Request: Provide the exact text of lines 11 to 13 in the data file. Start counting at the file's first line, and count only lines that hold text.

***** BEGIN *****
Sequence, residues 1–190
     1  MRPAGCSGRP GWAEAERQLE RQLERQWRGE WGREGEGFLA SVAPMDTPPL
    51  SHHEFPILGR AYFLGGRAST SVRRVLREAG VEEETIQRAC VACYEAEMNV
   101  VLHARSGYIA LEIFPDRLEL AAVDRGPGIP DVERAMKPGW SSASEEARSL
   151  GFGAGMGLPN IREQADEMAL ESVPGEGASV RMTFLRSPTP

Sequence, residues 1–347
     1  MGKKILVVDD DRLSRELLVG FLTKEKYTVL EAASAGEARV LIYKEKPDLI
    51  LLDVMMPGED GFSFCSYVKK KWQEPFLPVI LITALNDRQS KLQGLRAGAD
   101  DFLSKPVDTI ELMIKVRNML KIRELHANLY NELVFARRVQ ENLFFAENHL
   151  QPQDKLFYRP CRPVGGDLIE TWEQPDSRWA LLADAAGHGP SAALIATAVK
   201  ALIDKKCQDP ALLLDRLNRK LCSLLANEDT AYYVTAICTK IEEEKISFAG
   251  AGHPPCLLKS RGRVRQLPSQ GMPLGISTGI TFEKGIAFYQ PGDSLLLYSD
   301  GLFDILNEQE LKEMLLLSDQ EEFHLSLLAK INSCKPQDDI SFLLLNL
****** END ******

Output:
   201  ALIDKKCQDP ALLLDRLNRK LCSLLANEDT AYYVTAICTK IEEEKISFAG
   251  AGHPPCLLKS RGRVRQLPSQ GMPLGISTGI TFEKGIAFYQ PGDSLLLYSD
   301  GLFDILNEQE LKEMLLLSDQ EEFHLSLLAK INSCKPQDDI SFLLLNL